Have you heard of domaining?


Well you are not alone. It’s an area of online money making which is shrouded in secrecy.

Domaining, or domaineering as it is sometimes known, is the business of acquiring domain names and monetising them through advertising. The leading domainers (or domaineers) have acquired thousands of domains names over the past five to ten years and are making millions of dollars.

But why is this subject of interest to online publishers?

The reason is the domain name entrepreneurs have always been at the cutting edge of monetisation on the web.

To understand what’s happening today you need step back in time to look at how domaining evolved.

Back in the 1990’s there was a rush to buy .com domain names and some people accumulated hundreds of them. At this time there were no easy ways of making money from these domains, and the registrar fees were often up to $100 a year.

As many of these early domain investors were students they were desperate to find a way of paying their annual bills so were continually talking to each other and looking for ways to make money.

Then late in the 1990’s a company called GoTo.com came to their rescue. It started to sell advertisements which website owners could put on their own sites. If these ads were clicked on the website owners would get a small share of the ad revenue.

Overnight domain owners had a way of making (a small) passive income from their domains with little effort.

This opportunity expanded in 2003 with the launch of Google Adsense.

Being paid for displaying pre-sold ads suddenly went from the small domaining community to being mainstream.

This led to a few entrepreneurs buying thousands of domain names with the intention of putting dozens of pay-per-click ads on each page. Their thinking was that if just one ad was clicked on each site every day, the cumulative income would quickly add up. This activity became known as domain parking and the pages that were created were referred to as link farms.

In the early days, Google liked these sites because they were generating a lot of ad revenue, but gradually their attitude started to change. There were so many link pages created, that they started to clog up the search results pages and internet users became very frustrated at being continually presented with websites just made up of ad links.

So back in 2006 Google started to proactively weed out these pages from search results. If the discussions in the forums are anything to go by this decision has resulted in income from parked pages halving over the last eighteen months.

Traditional domain parking is being wiped out.

So what are these domain investors doing now?

The answer is developing their domain names into niche websites which focus on making money from a combination of advertising and affiliate revenue.

The first trend down the development route was into minisites. These tended to be one to ten page static websites focused on a single niche subject. These sites made their money from a combination of advertising and affiliate links.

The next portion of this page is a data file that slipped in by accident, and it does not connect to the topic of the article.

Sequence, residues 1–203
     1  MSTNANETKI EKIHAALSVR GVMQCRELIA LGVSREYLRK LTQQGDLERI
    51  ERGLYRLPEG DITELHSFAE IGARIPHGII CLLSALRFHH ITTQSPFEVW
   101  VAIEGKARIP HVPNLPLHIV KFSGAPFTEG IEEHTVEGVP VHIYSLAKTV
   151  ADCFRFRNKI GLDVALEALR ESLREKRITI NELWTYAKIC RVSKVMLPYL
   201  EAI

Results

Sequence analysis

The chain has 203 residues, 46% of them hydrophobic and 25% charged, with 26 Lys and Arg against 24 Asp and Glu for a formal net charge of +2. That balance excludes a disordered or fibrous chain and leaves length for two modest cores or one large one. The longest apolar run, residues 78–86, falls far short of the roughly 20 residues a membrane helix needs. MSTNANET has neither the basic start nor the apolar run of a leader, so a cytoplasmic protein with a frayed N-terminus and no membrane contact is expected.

These minisites started to get the domains back into the search engine rankings and making money again.

But things are moving on again.

Google, who accounts for 80% of all search traffic, is now becoming very focused on finding the best possible content for any given search phrase. To enable them to do this they use over 100 criteria within their search algorithm, including how many third party websites link to a site, the frequency of updates, the consistency of content, and much more, to award a quality score to a site. The better the quality score, the better the search results page position and the greater the amount of traffic the site will receive.

As minisites tend not to be updated regularly and have little reason to attract links, they are falling down the results pages and their traffic is declining. As a result their revenues are drying up. There is little chance that this trend will be reversed.

Where to Next for Domainers?

All the talk in the domaining world is now about moving away from creating hundreds of sites with small revenue streams to creating a few sites that dominate their niche. The three phrases that are now being banded about are specialisation, scale and multiple revenue streams.

The savvy online entrepreneurs are moving from running dozens of static minisites to focusing on one or two niche ‘destination sites’.

They have realised that they need to regularly create unique content and build a relationship with their visitors so they can make money from them not once, but many times.

This is what we have been saying for the last couple of years.

Every content website owner should target a single well-defined niche and focus on dominating it through the quality and relevance of the content.

At SubHub, where we specialise in helping content publishers build money making websites, we have seen a rapid increase in the number of domain investors who are looking to build world-leading specialist content websites.

This is where the money is. Jump on the bandwagon; its starting to pick up speed.